**2010**, 5, e9888. [Google Scholar] [CrossRef] - World Health Organization. Salmonella and Campylobacter in Chicken Meat. 2009. Available online: http://www.who.int/foodsafety/publications/micro/MRA19.pdf (accessed on 30 September 2018).
- Newell, D.G.; Fearnley, C. Sources of Campylobacter Colonization in Broiler Chickens. Appl. Environ. Microbiol.
**2003**, 69, 4343–4351. [Google Scholar] [CrossRef] - Humphrey, T.J.; Henley, A.; Lanning, D.G. The colonization of broiler chickens with Campylobacter jejuni: Some epidemiological investigations. Epidemiol. Infect.
**1993**, 110, 601–607. [Google Scholar] [CrossRef] [PubMed] - Food Standards Agency. Research Project B15004: Measures and Best Practice to Minimise Infection of Remaining Birds with Campylobacter when Broiler Flocks Are Thinned. Available online: http://www.foodbase.org.uk//admintools/reportdocuments/191-1-325_B15004_Final_report_track_changes_accepted_1.3.07.pdf (accessed on 30 September 2018).
- Prabakaran, R. Good Practices in Planning and Management of Integrated Commercial Poultry Production in South Asia; Food and Agricultural Organization of the United Nations: Rome, Italy, 2003; 97p. [Google Scholar]
- van Wagenberg, C.P.A.; van Horne, P.L.M.; Sommer, H.M.; Nauta, M.J. Cost-effectiveness of Campylobacter interventions on broiler farms in six European countries. Microb. Risk Anal.
**2016**, 2, 53–62. [Google Scholar] [CrossRef] - Doerr, D.; Hu, K.; Renly, S.; Edlund, S.; Davis, D.; Lessler, J.; Filter, M.; Kasbohrer, A.; Appel, B.; Kaufman, J. Accelerating investigation of food-borne disease outbreaks using pro-active geospatial of food supply chains. In Proceedings of the First ACM SIGSPATIAL International Workshop on the Use of GIS in public health, Redondo Beach, CA, USA, 6 November 2012. [Google Scholar]
- Van Gerwe, T.; Miflin, J.K.; Templeton, J.M.; Bouma, A.; Wagenaar, J.A.; Jacobs-Reitsman, W.F.; Stegeman, A.; Klingenber, D. Quantifying transmission of Campylobacter jejuni in commercial broiler flocks. Appl. Environ. Microbiol.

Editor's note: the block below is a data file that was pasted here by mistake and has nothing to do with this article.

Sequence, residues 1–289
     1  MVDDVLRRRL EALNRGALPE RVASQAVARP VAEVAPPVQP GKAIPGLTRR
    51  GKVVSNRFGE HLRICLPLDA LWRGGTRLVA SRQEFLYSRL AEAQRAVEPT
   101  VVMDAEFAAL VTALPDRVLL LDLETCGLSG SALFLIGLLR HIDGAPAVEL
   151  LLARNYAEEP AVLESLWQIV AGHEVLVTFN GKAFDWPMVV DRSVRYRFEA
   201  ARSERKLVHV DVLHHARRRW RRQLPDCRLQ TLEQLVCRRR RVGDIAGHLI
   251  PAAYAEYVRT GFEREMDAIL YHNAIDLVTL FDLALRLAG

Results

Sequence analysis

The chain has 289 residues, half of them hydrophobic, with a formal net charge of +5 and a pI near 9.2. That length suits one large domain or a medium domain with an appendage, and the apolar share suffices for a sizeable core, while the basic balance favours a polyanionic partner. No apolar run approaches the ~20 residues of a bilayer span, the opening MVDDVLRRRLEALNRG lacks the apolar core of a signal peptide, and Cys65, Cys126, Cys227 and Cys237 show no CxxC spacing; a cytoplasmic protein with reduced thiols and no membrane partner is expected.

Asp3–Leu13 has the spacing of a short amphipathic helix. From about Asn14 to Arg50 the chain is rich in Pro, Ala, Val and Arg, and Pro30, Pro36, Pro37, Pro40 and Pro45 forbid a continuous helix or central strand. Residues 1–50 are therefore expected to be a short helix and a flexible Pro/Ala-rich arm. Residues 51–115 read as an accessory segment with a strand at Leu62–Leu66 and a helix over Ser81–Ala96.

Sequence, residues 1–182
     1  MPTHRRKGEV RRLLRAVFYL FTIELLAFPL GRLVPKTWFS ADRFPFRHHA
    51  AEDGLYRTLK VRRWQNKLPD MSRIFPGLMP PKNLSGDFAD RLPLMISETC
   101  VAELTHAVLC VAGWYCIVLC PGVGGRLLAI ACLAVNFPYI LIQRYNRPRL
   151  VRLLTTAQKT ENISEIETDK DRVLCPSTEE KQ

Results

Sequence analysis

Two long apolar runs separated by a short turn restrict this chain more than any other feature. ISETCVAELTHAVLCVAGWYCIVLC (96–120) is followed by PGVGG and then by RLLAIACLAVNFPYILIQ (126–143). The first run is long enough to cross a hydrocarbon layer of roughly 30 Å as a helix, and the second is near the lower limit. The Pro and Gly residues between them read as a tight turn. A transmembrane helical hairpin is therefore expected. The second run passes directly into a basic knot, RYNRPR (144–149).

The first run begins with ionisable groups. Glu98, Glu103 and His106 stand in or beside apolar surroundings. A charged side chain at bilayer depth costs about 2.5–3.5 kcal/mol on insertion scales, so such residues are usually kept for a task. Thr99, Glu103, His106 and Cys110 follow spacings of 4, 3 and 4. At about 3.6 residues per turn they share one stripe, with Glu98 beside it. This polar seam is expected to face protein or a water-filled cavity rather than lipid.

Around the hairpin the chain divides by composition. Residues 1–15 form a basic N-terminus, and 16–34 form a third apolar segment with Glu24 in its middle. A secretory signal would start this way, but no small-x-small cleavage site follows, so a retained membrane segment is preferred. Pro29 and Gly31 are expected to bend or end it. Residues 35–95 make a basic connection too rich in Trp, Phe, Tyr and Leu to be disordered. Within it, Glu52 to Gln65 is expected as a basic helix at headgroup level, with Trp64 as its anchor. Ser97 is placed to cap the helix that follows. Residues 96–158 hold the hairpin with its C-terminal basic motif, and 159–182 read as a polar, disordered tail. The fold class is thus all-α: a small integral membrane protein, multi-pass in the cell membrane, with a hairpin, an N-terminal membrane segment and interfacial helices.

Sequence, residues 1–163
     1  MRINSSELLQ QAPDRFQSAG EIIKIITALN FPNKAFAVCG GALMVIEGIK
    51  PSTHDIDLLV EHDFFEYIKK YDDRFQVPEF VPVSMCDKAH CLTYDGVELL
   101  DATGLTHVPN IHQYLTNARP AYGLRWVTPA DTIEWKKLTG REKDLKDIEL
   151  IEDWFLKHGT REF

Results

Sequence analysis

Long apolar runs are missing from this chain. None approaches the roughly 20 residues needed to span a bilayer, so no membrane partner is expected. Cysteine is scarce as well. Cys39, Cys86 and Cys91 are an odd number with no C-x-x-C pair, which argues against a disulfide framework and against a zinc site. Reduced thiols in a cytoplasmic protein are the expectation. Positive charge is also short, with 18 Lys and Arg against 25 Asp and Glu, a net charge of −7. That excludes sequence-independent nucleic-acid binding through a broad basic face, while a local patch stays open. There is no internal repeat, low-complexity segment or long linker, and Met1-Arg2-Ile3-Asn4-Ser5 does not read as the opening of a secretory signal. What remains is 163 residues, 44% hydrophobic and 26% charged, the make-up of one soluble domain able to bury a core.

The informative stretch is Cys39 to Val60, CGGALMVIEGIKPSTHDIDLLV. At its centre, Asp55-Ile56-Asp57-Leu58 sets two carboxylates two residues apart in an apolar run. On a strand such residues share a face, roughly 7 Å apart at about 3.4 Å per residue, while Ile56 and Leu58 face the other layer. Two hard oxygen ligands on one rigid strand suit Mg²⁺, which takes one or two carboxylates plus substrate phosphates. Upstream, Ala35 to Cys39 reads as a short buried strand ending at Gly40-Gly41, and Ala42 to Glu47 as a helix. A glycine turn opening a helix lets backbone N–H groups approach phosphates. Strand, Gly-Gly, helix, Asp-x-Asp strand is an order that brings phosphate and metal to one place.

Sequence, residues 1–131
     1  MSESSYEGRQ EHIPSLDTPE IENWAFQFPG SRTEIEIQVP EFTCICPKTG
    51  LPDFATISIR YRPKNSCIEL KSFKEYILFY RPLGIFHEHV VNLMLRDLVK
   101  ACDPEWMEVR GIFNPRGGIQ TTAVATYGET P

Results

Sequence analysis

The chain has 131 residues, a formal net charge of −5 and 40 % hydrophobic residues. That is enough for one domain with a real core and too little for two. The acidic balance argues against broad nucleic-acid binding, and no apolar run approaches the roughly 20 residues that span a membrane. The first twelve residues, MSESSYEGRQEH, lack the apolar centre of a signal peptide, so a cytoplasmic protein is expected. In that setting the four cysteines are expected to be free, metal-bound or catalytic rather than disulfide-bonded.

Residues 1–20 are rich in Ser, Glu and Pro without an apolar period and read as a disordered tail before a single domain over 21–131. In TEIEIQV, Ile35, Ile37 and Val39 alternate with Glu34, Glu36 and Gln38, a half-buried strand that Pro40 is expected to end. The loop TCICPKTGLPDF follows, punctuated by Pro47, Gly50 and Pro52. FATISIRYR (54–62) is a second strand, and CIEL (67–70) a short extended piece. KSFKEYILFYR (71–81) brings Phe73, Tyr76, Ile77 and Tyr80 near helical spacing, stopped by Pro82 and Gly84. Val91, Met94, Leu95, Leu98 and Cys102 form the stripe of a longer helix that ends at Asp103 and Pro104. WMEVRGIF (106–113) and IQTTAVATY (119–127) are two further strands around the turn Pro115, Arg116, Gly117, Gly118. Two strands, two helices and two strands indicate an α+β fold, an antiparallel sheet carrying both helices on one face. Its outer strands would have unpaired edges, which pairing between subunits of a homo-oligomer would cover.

**2009**, 75, 625–628. [Google Scholar] [CrossRef] [PubMed] - Ross, T. A simple, spread-sheet based, food safety risk assessment tool. Int. J. Food Microbiol.
**2002**, 77, 39–53. [Google Scholar] [CrossRef] - Cousins, M.; Sargeant, J.M.; Fishman, D.; Greer, A.L. Modelling the transmission dynamics of Campylobacter in Ontario, Canada, assuming house flies, Musca domestica, are a mechanical vector of disease transmission. R. Soc. Open Sci.
**2019**, 6, 181394. [Google Scholar] [CrossRef] [PubMed] - Liao, S.J.; Marshall, J.; Hazelton, M.L.; French, N.P. Extending statistical models for source attribution of zoonotic diseases: A study of campylobacteriosis. J. R. Soc. Interface
**2019**, 6, 20180534. [Google Scholar] [CrossRef] [PubMed] - Rushton, S.; Humphrey, T.; Shirley, M.; Bull, S.; Jørgensen, F. Campylobacter in housed broiler chickens: A longitudinal study of risk factors. Epidemiol. Infect.
**2009**, 137, 1099–1110. [Google Scholar] [CrossRef] [PubMed] - Sibanda, N.; McKenna, A.; Richmond, A.; Ricke, S.C.; Callaway, T.; Stratakos, A.C.; Gundogdu, O.; Corcionivoschi, N. A review of the effect of management practices on campylobacter prevalence in poultry farms. Front. Microbiol.
**2008**, 9, 2002. [Google Scholar] [CrossRef] [PubMed] - Teunis, P.; Van den Brandhof, W.; Nauta, M.; Wagenaar, J.; Van den Kerkhof, H.; Van Pelt, W. A reconsideration of the Campylobacter dose-response relation. Epidemiol. Infect.
**2005**, 133, 583–592. [Google Scholar] [CrossRef] [PubMed] - Liu, W.-M.; Hethcote, H.W.; Levin, S.A. Dynamical behavior of epidemiological models with nonlinear incidence rates. J. Math. Biol.
**1987**, 25, 359–380. [Google Scholar] [CrossRef] [PubMed] - Eclipse Foundation. Spatio Temporal Epidemiological Modeler project. Available online: www.eclipse.org/STEM (accessed on 28 August 2019).